I love the angle from which you took the above picture. Memphis looks best from about the fifth story of a building. The idea of obelisks as unifying structures reminds me of the proposal to include "campanelles" in the Intown Charette the Knight Program from Miami did a few years back. There is nothing pretty to me than the occasional high building or steeple poking out of the canopy.
Here is a good reverse image of the one you took from the Glenmary Condos website: javascript:popup('photos/views-01.html',440,360);

2:40 PM  
Blogger gatesofmemphis said...

The autozone park plaza is a good place. It's pretty small too.

At this point, maybe any point, most public places that don't have a nearby, walking distance, residential fringe will be more academic than successful, imho. That's why I think a good, perhaps transformative, use of the black hole of Overton Square would be a residential infill, at least partly in the model (height, density, rental) of the Stratum.

I love playing with 3D visualizations and have started something for Overton Square. Maybe I'll post a draft soon.

by the way, I think there are "terraces" on the Sears Crosstown, near the Watkins side. That would be a great place to have a bar, where you could sit down and watch the world of Cleveland to the south and across the canopy to the east.

11:34 PM  
Blogger jccvi said...

The view from the terrace presently would be quite interesting at night. Let's hope that the pedestrian future of the Cleve is less professionally oriented.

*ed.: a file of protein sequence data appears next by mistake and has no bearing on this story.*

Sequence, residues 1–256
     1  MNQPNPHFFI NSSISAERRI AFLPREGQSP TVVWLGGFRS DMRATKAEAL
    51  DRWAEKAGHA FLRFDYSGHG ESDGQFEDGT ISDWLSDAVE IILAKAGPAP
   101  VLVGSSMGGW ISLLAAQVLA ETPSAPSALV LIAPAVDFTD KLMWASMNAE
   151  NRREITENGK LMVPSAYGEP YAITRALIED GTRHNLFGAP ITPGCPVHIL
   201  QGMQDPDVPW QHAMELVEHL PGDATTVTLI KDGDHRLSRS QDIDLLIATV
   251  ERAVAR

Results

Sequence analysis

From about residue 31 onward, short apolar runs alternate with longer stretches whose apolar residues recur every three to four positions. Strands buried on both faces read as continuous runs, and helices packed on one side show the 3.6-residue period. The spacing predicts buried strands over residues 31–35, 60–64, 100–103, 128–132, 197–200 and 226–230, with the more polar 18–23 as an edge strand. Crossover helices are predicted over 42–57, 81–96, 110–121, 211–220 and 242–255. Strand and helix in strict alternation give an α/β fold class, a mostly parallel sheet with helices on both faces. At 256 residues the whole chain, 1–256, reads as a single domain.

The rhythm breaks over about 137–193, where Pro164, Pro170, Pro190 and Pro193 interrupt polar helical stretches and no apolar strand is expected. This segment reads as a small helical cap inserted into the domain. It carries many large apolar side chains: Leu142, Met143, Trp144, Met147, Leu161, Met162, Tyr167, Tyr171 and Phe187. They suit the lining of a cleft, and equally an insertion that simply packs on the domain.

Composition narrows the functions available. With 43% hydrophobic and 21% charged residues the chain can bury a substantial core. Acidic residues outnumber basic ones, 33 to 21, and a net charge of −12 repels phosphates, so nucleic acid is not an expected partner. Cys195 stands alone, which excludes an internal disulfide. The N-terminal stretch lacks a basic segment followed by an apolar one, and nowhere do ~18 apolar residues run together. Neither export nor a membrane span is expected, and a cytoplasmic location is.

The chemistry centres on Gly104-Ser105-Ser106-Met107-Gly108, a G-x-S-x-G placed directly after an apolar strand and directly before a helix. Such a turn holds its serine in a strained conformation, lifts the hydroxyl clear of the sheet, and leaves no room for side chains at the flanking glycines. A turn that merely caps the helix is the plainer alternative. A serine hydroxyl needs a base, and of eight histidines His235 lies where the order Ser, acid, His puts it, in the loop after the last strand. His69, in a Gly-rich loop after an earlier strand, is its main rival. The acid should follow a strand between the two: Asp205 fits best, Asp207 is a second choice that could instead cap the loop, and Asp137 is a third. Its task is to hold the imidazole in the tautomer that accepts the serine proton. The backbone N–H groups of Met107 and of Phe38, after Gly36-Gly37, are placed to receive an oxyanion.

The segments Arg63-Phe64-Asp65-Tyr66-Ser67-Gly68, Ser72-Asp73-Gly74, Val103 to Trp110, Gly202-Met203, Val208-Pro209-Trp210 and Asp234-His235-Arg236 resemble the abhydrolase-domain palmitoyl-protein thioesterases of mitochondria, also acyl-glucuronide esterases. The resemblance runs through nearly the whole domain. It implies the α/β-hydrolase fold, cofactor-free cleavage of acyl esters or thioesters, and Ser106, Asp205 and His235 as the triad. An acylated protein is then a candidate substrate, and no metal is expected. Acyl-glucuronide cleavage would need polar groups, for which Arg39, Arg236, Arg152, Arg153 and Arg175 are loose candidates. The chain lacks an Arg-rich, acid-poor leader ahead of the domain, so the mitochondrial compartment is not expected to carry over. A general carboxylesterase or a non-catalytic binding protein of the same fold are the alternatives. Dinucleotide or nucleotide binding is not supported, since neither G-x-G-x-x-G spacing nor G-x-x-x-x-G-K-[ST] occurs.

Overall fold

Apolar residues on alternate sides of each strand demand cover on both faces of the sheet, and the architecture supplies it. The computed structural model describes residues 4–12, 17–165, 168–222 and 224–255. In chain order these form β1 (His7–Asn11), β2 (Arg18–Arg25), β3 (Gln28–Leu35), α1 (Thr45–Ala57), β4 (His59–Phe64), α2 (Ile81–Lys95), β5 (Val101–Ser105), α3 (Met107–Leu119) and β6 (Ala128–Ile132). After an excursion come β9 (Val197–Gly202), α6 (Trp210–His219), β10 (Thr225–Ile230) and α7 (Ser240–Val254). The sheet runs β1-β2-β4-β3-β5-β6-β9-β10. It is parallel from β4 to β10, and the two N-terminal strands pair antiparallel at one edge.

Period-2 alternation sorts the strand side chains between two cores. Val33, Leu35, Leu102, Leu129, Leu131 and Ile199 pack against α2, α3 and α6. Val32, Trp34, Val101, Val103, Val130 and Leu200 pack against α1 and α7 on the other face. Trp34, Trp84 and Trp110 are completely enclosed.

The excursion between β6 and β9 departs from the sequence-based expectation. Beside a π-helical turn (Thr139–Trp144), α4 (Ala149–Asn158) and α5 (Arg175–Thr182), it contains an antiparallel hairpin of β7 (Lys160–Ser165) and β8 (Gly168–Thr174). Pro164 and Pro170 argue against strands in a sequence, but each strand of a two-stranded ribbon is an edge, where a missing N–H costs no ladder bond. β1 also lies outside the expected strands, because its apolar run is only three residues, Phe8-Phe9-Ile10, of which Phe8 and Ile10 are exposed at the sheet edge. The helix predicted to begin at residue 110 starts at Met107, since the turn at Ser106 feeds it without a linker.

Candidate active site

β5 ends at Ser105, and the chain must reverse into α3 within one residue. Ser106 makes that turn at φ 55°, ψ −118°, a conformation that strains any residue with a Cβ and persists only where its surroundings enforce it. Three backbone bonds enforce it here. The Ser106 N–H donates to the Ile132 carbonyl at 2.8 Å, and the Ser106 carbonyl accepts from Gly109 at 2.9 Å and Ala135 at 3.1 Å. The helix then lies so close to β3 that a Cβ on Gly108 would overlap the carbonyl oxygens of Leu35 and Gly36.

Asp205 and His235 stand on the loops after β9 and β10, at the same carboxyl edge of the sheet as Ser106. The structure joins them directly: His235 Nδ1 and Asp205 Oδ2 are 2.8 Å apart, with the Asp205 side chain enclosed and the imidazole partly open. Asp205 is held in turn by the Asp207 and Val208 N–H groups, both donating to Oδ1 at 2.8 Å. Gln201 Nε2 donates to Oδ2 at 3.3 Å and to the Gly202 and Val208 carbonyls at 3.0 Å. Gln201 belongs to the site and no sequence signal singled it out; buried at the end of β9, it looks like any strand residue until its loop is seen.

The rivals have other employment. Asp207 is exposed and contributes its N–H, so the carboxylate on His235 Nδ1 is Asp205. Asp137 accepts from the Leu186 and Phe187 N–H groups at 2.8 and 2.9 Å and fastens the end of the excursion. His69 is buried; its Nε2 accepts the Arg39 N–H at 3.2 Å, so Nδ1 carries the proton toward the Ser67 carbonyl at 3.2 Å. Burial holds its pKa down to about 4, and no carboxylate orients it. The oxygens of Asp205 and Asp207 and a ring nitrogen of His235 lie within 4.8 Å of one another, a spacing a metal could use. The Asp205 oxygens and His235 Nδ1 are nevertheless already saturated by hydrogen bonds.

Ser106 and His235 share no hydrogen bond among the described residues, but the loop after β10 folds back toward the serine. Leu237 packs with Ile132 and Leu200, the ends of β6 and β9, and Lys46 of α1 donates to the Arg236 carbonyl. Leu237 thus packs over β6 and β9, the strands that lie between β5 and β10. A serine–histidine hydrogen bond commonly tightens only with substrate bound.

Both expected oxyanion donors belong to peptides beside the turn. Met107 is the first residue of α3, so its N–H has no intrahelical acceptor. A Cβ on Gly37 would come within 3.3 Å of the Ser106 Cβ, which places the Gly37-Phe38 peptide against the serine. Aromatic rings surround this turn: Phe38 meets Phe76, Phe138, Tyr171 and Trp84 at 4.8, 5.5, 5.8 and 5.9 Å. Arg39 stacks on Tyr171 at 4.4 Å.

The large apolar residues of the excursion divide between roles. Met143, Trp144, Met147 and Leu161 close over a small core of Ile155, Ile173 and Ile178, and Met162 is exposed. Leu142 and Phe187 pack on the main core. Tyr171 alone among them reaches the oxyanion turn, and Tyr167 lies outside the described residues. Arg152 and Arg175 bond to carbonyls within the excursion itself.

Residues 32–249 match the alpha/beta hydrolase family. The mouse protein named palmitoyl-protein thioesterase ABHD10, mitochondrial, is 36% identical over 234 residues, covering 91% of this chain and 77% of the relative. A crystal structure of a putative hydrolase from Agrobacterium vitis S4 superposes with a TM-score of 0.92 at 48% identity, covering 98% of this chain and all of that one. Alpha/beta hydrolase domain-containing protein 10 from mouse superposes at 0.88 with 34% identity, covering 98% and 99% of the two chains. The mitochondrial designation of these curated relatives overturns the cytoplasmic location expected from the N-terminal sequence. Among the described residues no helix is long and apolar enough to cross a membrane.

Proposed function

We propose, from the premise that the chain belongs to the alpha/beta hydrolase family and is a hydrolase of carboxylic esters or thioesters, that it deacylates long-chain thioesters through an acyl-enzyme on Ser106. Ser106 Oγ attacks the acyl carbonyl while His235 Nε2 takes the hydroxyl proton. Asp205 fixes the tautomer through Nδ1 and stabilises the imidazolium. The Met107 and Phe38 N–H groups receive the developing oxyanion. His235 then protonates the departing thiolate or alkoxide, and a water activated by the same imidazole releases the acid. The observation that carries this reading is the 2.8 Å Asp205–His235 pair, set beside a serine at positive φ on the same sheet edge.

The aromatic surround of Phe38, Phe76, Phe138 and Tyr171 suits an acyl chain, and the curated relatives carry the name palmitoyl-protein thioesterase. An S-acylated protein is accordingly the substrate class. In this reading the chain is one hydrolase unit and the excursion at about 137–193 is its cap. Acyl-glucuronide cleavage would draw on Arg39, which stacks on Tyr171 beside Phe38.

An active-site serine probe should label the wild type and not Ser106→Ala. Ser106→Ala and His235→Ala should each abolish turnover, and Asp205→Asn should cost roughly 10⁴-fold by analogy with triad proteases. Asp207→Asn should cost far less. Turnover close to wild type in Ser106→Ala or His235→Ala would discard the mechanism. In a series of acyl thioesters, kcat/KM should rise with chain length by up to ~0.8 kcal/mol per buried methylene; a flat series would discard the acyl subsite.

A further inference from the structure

I'm quite taken with the Independent Bank logo in East Memphis atop that tower. I would love something similarly beacon-like over Midtown. Somebody ought to come up with a neat and easily neonized Crosstown logo and send it to Andy Cates. A huge LCD screen for showing Tigers, Redbirds, and Grizzlies games would also be nice.

Legend has it that there is a bavarian-style executive lounge somewhere up in the tower. Maybe a complementary beer garden would go well on the terrace. There's nothing like beer at a picnic table.

What tools are you using for the visualizations?

1:03 PM  
Blogger jccvi said...

I envision Overton Square along the lines of an infill project done in Homewood, Alabama (just "over the mountain" from Birmingham) called Soho Square. I can't find one link to the project that I like over an others, but the layout of the area is remarkably similar to Overton Square, if on a larger scale. The project included a town hall, lofts, a banquet space, and some retail, including a boutique grocery store.

While there is no need for a city hall for Midtown (arguably) I think some sort of civic gathering space would do well there. Maybe something along the lines of the Hickory Hill Community Center. The architecture used there and at the Whitehaven branch library would be very appropriate for a space in Midtown.

Combine such a community center with retail and some mixed-income residential and you've got a great link between, the Edge, Edgewood, Tucker-Jefferson, Lenox, and Idlewild neighborhoods with residual benefits for Binghampton, Evergreen/VECA, Cooper-Young, and Central Gardens (I think I've made this point somewhere before). It would be especially good if the development included improvements to make Union more pedestrial friendly, so Idlewild Elementary kids could walk to and from Overton Square.

2:10 PM  
Blogger gatesofmemphis said...

bavarian-style executive lounge? Awesome! The myth will live, true or not.

I use Blender 3D (free as in speech, free as in beer) but you could use SketchUp from Google. It's supposed to be very easy to use. I would probably use it 'cept I'm a Linux guy and they don't have a Linux version yet. Anyway, Blender is a complete 3D modeling, animation and compositing tool. Check it out.

Yes, Union is another major impediment to Overton Square's development and I think to Midtown in general. Slow it down and let people cross.

12:48 AM